pike.git/lib/modules/Calendar.pmod/tzdata/theory.html:1148:   based on guesswork and these guesses may be corrected or improved.   </p>   </section>      <section>    <h2 id="calendar">Calendrical issues</h2>   <p>   Calendrical issues are a bit out of scope for a time zone database,   but they indicate the sort of problems that we would run into if we   extended the time zone database further into the past. - An excellent resource in this area is Nachum Dershowitz and Edward M. - Reingold, <cite><a - href="https://www.cs.tau.ac.il/~nachum/calendar-book/third-edition/">Calendrical - Calculations: Third Edition</a></cite>, Cambridge University Press (2008). + An excellent resource in this area is Edward M. Reingold + and Nachum Dershowitz, <cite><a + href="https://www.cambridge.org/fr/academic/subjects/computer-science/computing-general-interest/calendrical-calculations-ultimate-edition-4th-edition">Calendrical + Calculations: The Ultimate Edition</a></cite>, Cambridge University Press (2018).   Other information and sources are given in the file '<code>calendars</code>'   in the <code><abbr>tz</abbr></code> distribution.   They sometimes disagree.   </p>   </section>      <section>    <h2 id="planets">Time and time zones on other planets</h2>   <p>   Some people's work schedules   use <a href="https://en.wikipedia.org/wiki/Timekeeping on Mars">Mars time</a>. - Jet Propulsion Laboratory (JPL) coordinators have kept Mars time on - and off at least since 1997 for the + Jet Propulsion Laboratory (JPL) coordinators kept Mars time on + and off during the   <a href="https://en.wikipedia.org/wiki/Mars_Pathfinder#End_of_mission">Mars   Pathfinder</a> mission. - Some of their family members have also adapted to Mars time. + Some of their family members also adapted to Mars time.   Dozens of special Mars watches were built for JPL workers who kept   Mars time during the Mars Exploration Rovers mission (2004).   These timepieces look like normal Seikos and Citizens but use Mars   seconds rather than terrestrial seconds.   </p>      <p>   A Mars solar day is called a "sol" and has a mean period equal to   about 24 hours 39 minutes 35.244 seconds in terrestrial time.   It is divided into a conventional 24-hour clock, so each Mars second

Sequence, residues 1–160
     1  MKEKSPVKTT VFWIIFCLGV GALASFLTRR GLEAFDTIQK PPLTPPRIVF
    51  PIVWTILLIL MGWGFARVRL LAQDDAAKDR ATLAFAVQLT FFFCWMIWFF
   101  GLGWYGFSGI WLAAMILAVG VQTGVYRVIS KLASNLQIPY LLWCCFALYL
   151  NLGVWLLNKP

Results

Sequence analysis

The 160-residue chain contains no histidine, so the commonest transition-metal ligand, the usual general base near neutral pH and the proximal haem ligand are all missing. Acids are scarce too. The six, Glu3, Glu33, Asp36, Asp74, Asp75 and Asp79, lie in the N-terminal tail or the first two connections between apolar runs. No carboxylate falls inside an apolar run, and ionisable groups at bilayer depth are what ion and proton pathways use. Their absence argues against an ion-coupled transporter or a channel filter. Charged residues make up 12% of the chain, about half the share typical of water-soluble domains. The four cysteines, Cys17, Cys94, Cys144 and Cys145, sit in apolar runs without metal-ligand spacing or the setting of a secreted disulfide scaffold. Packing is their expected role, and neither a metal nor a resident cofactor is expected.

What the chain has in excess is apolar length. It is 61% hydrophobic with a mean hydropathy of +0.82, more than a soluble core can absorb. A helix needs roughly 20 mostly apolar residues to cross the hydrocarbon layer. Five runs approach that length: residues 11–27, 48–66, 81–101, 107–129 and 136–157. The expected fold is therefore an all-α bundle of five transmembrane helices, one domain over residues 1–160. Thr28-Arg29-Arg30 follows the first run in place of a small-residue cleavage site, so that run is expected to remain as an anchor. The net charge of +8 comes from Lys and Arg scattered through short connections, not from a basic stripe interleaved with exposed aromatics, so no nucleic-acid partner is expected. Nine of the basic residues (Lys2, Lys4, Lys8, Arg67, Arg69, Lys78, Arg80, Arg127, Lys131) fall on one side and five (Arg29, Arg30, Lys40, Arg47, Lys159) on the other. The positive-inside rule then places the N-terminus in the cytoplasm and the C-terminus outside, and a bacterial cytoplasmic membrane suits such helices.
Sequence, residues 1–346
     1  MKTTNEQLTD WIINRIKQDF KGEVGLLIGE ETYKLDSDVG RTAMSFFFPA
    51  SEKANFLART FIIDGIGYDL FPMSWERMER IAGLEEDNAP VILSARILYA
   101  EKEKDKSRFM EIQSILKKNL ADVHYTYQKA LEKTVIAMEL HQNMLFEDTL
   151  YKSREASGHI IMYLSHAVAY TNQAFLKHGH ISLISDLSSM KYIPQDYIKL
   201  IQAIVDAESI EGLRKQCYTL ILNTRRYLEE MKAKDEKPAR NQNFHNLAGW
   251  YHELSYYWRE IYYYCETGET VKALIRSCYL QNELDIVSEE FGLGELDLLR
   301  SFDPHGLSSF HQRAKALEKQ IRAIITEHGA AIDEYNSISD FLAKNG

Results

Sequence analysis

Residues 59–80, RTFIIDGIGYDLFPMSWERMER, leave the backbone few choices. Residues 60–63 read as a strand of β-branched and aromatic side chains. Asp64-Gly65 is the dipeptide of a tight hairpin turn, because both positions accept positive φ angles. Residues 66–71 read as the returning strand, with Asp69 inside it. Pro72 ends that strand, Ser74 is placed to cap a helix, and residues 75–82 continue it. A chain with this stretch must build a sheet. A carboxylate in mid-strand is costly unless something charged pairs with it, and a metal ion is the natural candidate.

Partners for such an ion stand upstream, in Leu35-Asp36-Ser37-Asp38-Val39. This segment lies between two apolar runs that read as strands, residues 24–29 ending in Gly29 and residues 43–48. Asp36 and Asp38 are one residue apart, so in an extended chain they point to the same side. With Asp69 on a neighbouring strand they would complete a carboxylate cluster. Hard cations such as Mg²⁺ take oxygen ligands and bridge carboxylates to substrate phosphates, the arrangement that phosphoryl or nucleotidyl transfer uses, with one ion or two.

pike.git/lib/modules/Calendar.pmod/tzdata/theory.html:1255:    <li>    Michael Allison and Robert Schmunk,    "<a href="https://www.giss.nasa.gov/tools/mars24/help/notes.html">Technical    Notes on Mars Solar Time as Adopted by the Mars24 Sunclock</a>"    (2015-06-30).    </li>    <li>    Jia-Rui Chong,    "<a href="http://articles.latimes.com/2004/jan/14/science/sci-marstime14">Workdays    Fit for a Martian</a>", <cite>Los Angeles Times</cite> -  (2004-01-14), pp A1, A20-A21. +  (2004-01-14), pp A1, A20&ndash;A21.    </li>    <li>    Tom Chmielewski,    "<a href="https://www.theatlantic.com/technology/archive/2015/02/jet-lag-is-worse-on-mars/386033/">Jet    Lag Is Worse on Mars</a>", <cite>The Atlantic</cite> (2015-02-26)    </li>    <li>    Matt Williams,    "<a href="https://www.universetoday.com/37481/days-of-the-planets/">How    long is a day on the other planets of the solar system?</a>"